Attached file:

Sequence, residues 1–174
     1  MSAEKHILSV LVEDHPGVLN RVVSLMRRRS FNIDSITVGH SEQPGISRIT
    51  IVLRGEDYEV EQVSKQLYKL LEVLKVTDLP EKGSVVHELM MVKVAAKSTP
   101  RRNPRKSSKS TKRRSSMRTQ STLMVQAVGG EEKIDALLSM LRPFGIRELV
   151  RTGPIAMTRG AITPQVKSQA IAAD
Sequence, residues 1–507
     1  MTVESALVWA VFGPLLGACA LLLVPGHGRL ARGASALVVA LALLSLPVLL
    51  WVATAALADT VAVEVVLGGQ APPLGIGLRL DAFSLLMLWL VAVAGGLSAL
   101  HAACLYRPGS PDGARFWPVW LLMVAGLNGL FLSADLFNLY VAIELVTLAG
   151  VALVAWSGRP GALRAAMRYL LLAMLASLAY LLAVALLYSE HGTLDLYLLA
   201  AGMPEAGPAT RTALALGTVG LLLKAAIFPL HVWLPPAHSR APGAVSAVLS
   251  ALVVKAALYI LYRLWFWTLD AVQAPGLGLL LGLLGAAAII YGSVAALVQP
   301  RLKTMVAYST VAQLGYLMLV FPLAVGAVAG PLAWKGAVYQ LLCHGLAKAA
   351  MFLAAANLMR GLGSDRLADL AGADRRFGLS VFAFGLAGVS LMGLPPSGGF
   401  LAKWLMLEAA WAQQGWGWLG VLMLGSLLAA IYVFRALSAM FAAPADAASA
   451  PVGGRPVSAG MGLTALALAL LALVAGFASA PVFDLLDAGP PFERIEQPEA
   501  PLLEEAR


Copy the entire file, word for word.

Sequence, residues 1–174
     1  MSAEKHILSV LVEDHPGVLN RVVSLMRRRS FNIDSITVGH SEQPGISRIT
    51  IVLRGEDYEV EQVSKQLYKL LEVLKVTDLP EKGSVVHELM MVKVAAKSTP
   101  RRNPRKSSKS TKRRSSMRTQ STLMVQAVGG EEKIDALLSM LRPFGIRELV
   151  RTGPIAMTRG AITPQVKSQA IAAD
Sequence, residues 1–507
     1  MTVESALVWA VFGPLLGACA LLLVPGHGRL ARGASALVVA LALLSLPVLL
    51  WVATAALADT VAVEVVLGGQ APPLGIGLRL DAFSLLMLWL VAVAGGLSAL
   101  HAACLYRPGS PDGARFWPVW LLMVAGLNGL FLSADLFNLY VAIELVTLAG
   151  VALVAWSGRP GALRAAMRYL LLAMLASLAY LLAVALLYSE HGTLDLYLLA
   201  AGMPEAGPAT RTALALGTVG LLLKAAIFPL HVWLPPAHSR APGAVSAVLS
   251  ALVVKAALYI LYRLWFWTLD AVQAPGLGLL LGLLGAAAII YGSVAALVQP
   301  RLKTMVAYST VAQLGYLMLV FPLAVGAVAG PLAWKGAVYQ LLCHGLAKAA
   351  MFLAAANLMR GLGSDRLADL AGADRRFGLS VFAFGLAGVS LMGLPPSGGF
   401  LAKWLMLEAA WAQQGWGWLG VLMLGSLLAA IYVFRALSAM FAAPADAASA
   451  PVGGRPVSAG MGLTALALAL LALVAGFASA PVFDLLDAGP PFERIEQPEA
   501  PLLEEAR